Climate Changed

A Podcast from The BTS Center

Season One - Episode 6:

Daddy, Did We Hurt Them?  

In this episode of the Climate Changed podcast, you will experience:

  • The Wall, a poem read by podcast guest Hannah Malcolm. It was written by David Benjamin Blower, a musician, writer, and podcaster. It comes from his 2019 album We Really Existed and We Really Did This, and it appears in the anthology, Words for a Dying World: Stories of Grief and Courage from the Global Church, edited by Hannah Malcolm.
  • “Daddy, Did We Hurt Them?”, an audio essay written and voiced by co-host Ben Yosua-Davis and featuring his five year-old-son, Michael. Audio treatment by Peterson Toscano.
  • Two conversations about the essay:
    • Co-host Nicole Diroff and her father, Michael DiMonte
    • Hannah Malcolm and co-host Nicole Diroff 
  • Next Steps for Engaged Hope

About Hannah Malcolm

Hannah is an ordinand in the Church of England and is writing a PhD on a theology of climate and ecological grief. She is on the board of Operation Noah and regularly speaks and writes about climate justice and the church. She is the editor of Words for a Dying World: Stories of Grief and Courage from the Global Church (SCM Press, 2020).

About Michael DiMonte

Michael DiMonte is a Christian, husband, father, and grandfather.  He was raised Catholic, but has also attended Presbyterian, UCC, and United Methodist churches.  He currently acts as a lay leader for the Working for Justice Ministry at St. Paul’s UMC near Pittsburgh, Pennsylvania.

While now retired, his professional career included working as an engineer, project manager, and executive in companies providing equipment to the electric power industry.  He holds engineering degrees from Bucknell University and Purdue University, and a management degree from the Hartford Graduate Center. 

Some Highlights from the Conversation

“My children are the ones who keep me grounded and teach me joy. That's important for me. I work in climate, and I love my job. But sometimes, I have to stare into the abyss.” Ben Yosua-Davis

“We don't know how to deal with problems that simply cannot be fixed. We have no way of hoping in the face of problems that cannot be fixed. Because hope for us must always be an expression of power. ” — Ben Yosua-Davis

“Don't be afraid to talk to people who may see things very differently. We need to garner  the courage to stick our necks out and engage people who see things differently.” — Michael DiMonte

“I found it very helpful to remember that in the Christian tradition, hope is a virtue, as much as it is a feeling that we can have that hope, like love is a virtue that, you know, you can't just have the virtue of hope by sort of wanting to be hopeful. You have to have the virtue of hope by practicing hopefulness; virtues come through the action of developing a habit.” — Hannah Malcolm

“There's quite a lot of danger in our grief becoming highly personalized. This kind of grief can make us nihilistic, it can make us selfish, it can make us behave in destructive ways, as well as compassionate ways. ” — Hannah Malcolm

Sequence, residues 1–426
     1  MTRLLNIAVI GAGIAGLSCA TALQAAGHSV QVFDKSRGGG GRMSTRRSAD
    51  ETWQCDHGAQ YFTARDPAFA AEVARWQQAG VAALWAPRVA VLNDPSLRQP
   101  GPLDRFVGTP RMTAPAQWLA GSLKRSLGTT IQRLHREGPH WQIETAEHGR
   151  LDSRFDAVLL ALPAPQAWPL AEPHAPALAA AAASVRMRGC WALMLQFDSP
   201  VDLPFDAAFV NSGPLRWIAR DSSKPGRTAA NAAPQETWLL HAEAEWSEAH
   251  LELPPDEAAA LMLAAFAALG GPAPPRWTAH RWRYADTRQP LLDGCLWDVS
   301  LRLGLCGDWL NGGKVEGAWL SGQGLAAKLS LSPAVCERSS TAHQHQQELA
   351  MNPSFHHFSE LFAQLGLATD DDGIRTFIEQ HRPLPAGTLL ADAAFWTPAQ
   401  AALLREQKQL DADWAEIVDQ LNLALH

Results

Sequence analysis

Next Steps for Engaged Hope

  • Michael DiMonte says: 
    • “Vote! We need personal change. We need family, we need community change. We need systemic change too.”
    • “Don't be afraid to talk to people who may see things very differently. We need to garner the courage to stick our necks out and engage people who see things differently.”

  • Hannah Malcolm says:
    • “If you are a member of a religious community, whether Christian or otherwise, I think there's a couple of questions we can ask ourselves as we face up to what we're losing and what's coming ahead of us. And the first one is about this: how can my church community locally be a refuge for people in practical and spiritual ways? So how can we provide or facilitate support pastorally and spiritually for perhaps local climate activists, for young people, for those who are involved in local organizing, and then how can our building or our lands be a place of refuge, as people face increasingly precarious environments?“
    • “What kinds of assets does that denomination or religious council have in terms of land, in terms of investments? Are those things aligned with what we say we believe in terms of the goodness of the earth, in terms of our duty to care for or attend to what God has made?” 

  • Ben Yosua-Davis says:
    • “If you have a child in your life, you can find a way to talk to them about climate and our more than human community with them. Remembering that kids are capable of having much harder conversations than we adults give them credit for. Here are a couple places you could start: the next time you both see a bird, for instance, that catches your attention. Invite your child to imagine with you.” 
  • Nicole Diroff says: 
    • “As a way of connecting with all who are impacted, you could create a 72 hour emergency kit with a child in your life. In addition to the basics, you can customize it with suggestions from your child. These may include favorite snacks, games, books, and gifts to give to others. To learn more about 72 hour kits, visit ready.gov/kit.” 

Climate Changed is a podcast about pursuing faith, life, and love in a climate-changed world. Hosted by Nicole Diroff and Ben Yosua-Davis, Climate Changed features guests who deepen the conversation while also stirring the waters. The Climate Changed podcast is a project of The BTS Center. The show is produced by Peterson Toscano.